In 'male-dominated' career field, engineering junior persists
Elizabeth Schester knows what it’s like to be the only girl in a room. The contrast between the number of men and women in her college classes stands out to her so much that she now tallies the number of women in each one she takes.
The Michigan State junior speaks Romanian and English, takes intense upper-level mechanical engineering courses and hopes to someday work for NASA. Between it all, Elizabeth is one of many women trying to enter a STEM career – a work field dominated by men, studies have shown.
A rigorous career choice
Elizabeth’s interest in engineering was piqued by her mom, Liliana Schester, who’s also an engineer. While both of Elizabeth’s parents have influenced her career choices, her mom’s job especially stood out. Liliana works as a senior engineer of supply and development for GT Technologies, an automotive company in Detroit. Elizabeth said she has looked up to her mom since she was little.
“She’s always been very influential in trying to encourage my brother and I to go forward in a STEM-related field,” Elizabeth said, referring to science, technology, engineering and math.
Her class schedule — which consists of mechanical engineering and material science courses — requires dedication. Such STEM courses require her to take careful notes and listen intently to what her professors teach, and it’s easy to get lost in the sea of people that make up her large lectures and other classes, she said.
“It’s like high school, but everything counts a lot more and has a lot more weight,” Elizabeth said.
In those classes, Elizabeth takes note of her fellow students. A large majority of them are male – something that’s only become more prominent as she’s progressed in her education.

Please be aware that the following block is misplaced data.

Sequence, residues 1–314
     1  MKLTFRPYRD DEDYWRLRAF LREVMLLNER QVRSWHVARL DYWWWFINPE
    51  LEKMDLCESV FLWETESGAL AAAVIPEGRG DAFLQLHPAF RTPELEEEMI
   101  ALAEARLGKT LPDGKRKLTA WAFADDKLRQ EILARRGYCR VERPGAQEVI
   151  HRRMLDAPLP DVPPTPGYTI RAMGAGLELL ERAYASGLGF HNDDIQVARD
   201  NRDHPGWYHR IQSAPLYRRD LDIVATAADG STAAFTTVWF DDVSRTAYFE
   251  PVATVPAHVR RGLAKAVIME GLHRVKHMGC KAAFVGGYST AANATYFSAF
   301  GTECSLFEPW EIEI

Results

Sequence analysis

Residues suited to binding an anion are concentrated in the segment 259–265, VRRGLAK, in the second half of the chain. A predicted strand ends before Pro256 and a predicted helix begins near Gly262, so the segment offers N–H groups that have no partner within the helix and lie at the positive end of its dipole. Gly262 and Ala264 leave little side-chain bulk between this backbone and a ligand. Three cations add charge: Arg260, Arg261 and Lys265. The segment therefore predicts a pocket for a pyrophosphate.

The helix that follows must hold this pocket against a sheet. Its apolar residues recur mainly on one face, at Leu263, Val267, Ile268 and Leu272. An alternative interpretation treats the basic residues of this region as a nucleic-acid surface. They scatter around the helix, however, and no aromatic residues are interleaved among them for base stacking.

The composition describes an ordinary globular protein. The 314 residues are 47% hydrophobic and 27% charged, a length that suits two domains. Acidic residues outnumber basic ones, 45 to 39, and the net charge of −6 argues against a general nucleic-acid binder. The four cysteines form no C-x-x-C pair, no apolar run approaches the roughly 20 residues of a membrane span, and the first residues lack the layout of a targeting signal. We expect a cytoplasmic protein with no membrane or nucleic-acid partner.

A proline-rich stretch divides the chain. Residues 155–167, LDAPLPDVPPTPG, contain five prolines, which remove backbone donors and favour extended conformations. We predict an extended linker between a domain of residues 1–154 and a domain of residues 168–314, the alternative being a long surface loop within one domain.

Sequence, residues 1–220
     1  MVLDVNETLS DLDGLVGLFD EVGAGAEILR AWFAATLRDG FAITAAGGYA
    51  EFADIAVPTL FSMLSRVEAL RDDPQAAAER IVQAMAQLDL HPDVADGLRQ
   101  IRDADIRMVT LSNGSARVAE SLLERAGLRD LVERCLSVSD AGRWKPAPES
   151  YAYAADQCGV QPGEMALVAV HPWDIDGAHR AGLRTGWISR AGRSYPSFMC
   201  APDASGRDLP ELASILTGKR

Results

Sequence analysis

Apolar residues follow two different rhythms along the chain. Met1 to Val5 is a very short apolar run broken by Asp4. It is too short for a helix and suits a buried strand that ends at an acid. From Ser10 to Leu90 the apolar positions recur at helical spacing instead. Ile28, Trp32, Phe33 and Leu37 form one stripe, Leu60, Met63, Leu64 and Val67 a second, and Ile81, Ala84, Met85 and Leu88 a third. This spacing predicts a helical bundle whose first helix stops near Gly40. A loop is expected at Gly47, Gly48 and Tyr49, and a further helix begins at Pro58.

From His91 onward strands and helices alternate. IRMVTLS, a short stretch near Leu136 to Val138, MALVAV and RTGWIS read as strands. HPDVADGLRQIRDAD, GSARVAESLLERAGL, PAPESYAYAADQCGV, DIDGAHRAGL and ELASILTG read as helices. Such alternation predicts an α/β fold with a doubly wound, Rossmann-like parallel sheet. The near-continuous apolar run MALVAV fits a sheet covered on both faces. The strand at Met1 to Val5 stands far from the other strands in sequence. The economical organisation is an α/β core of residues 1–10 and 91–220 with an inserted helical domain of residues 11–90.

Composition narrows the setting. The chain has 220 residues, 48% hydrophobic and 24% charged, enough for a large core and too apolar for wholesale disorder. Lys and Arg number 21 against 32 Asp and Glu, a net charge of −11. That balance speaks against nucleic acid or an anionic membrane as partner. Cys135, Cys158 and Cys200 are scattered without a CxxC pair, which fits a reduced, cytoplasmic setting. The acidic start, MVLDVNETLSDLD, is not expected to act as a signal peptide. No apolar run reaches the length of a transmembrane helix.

“As I continue getting more and more high-level, I do notice a little bit more of that difference,” Elizabeth said.
“It is male-dominated”
This divide is stark, Elizabeth said, and she works to not let it affect her outlook on her choice of major.
“I try not to let it affect me,” Elizabeth said. “I look at it now and half of my friends, if not more, happen to be guys, and for me that’s normal and I don’t have a problem with it.”
For example, one class she took this past summer stood out to her.
“I did classes and I think out of 24 students who were there, four of them were girls,” Schester said. “I thought we just stood out because we were there.”
Elizabeth is used to fewer women in her mechanical engineering classes, so she’s surprised when she takes a class with a more even ratio. Last semester, she took a higher-level mechanical engineering class and was shocked at the number of girls enrolled in it along with her.
“In the lab, there were 15 of us total and there were six girls. For me, I was shocked,” Elizabeth said. “That’s a big number. I think we had four different groups and each group had at least one girl. I thought that was pretty heartwarming.”
Other classes aren’t composed the same way.
“Other sessions, they weren’t always the same,” Elizabeth said. “One of my friends told me that she was the only girl out of the whole 15 students who were there.”
The divide leads women in STEM careers to seek out and bond with their female colleagues, Elizabeth said.
“It is male-dominated, but in some ways it doesn’t have to be,” Elizabeth said. “That’s just how chances are. Us girls – we all stick together as such.”
Julia Lutz, Elizabeth’s friend, is also a mechanical engineering junior. Lutz echoed Elizabeth and said, though she believes MSU does an adequate job of recruiting women into STEM programs, it’s disappointing to see fewer girls.